Here’s what goes into making an accurate hurricane forecast

Improvements continue to be made to provide forecasts

Hurricane forecasting continues to improve. The notorious cone of uncertainty has gotten smaller and evacuations have become more efficient. Forecasts last year were pretty much spot on in both track and intensity for individual storms. Here is a look at the improving forecast accuracy and what you need to know about the official forecasts issued by the National Hurricane Center.

ORLANDO, Fla. – Hurricane forecasting continues to improve. The notorious cone of uncertainty has gotten smaller and evacuations have become more efficient.

Forecasts last year were pretty much spot on in both track and intensity for individual storms. Here is a look at the improving forecast accuracy and what you need to know about the official forecasts issued by the National Hurricane Center.

“It’s one of the more aggressive forecasts we’ve ever issued,” NHC hurricane specialist Michael Brennan said.

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As the disturbance that became Hurricane Ida started to take shape in the Gulf of Mexico, forecasters at the National Hurricane Center spotted the signs of a major hurricane in the making.

“Yeah, I mean, obviously didn’t end up being enough but it got the message out there initially that it was, you know, hey, this is going to be a significant storm, right?” Brennan said. “Potentially major hurricane right out of the gate.”

Ida became one of the most powerful hurricanes to hit the U.S., taking nearly 50 lives and causing billions in damage from Louisiana to the Northeast. It also continued a recent trend of storms rapidly intensifying before landfall, making accurate forecasts even more critical to saving lives.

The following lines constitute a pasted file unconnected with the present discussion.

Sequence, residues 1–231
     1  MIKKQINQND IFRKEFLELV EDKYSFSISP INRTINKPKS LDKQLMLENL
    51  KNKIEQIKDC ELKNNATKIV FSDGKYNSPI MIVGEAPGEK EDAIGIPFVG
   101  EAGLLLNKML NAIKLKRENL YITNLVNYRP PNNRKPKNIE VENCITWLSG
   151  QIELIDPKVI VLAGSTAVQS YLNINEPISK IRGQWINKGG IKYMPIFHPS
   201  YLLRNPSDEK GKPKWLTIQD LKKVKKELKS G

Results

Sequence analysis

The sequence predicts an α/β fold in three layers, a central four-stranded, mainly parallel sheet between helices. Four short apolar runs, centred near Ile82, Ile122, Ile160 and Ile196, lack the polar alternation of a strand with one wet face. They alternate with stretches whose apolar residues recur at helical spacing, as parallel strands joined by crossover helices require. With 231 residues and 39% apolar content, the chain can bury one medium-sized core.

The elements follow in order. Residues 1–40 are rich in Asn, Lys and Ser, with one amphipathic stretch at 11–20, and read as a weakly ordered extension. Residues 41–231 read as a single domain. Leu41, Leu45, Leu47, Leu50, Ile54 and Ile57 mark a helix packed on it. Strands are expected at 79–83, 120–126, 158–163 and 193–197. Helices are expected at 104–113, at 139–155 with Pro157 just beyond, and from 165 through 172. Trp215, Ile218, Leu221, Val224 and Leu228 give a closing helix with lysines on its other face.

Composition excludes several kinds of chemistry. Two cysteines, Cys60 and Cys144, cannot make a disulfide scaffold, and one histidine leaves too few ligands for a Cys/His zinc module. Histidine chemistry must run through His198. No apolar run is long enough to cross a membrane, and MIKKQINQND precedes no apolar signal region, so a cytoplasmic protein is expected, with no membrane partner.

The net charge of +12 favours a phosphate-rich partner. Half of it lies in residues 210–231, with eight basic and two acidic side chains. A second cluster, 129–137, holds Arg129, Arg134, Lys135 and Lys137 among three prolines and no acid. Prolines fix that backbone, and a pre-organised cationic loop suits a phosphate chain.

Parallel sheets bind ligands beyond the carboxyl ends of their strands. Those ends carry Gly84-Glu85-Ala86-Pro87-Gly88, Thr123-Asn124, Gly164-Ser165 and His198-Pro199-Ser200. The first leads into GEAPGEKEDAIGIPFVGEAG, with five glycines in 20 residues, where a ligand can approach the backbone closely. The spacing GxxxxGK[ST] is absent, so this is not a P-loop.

“I like to tell people, track models don’t have any conscience, they shift around and jump back and forth. But the human forecaster really can impose some continuity on the track and keep that message very consistent,” Brennan said.

Model forecasts continue to improve, but they need good data. That’s why hurricane hunters fly into and around storms. The data they collect can make the models as much as 20% more accurate.

“And it’s especially important to get the aircraft into the developing systems. Because if you don’t know where the center is or if the center is jumping around or reforming, it can really change the forecast not just the track but the intensity,” Brennan said. “So getting the data in there for both just the forecaster to use and to get into the models. And that early stage can really help with the forecast as well.”

The key here is to not pay attention to just the first forecast and to watch the trends. The forecasts with these storms are going to change as more data becomes available. It’s also important to not fall victim to the windshield wiper effect of the spaghetti models plastered over social media.

The Pinpoint Weather Team will always keep our messaging consistent.

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About the Author:

Jonathan Kegges joined the News 6 team in June 2019 as the Weekend Morning Meteorologist. Jonathan comes from Roanoke, Virginia where he covered three EF-3 tornadoes and deadly flooding brought on by Hurricanes Florence and Michael.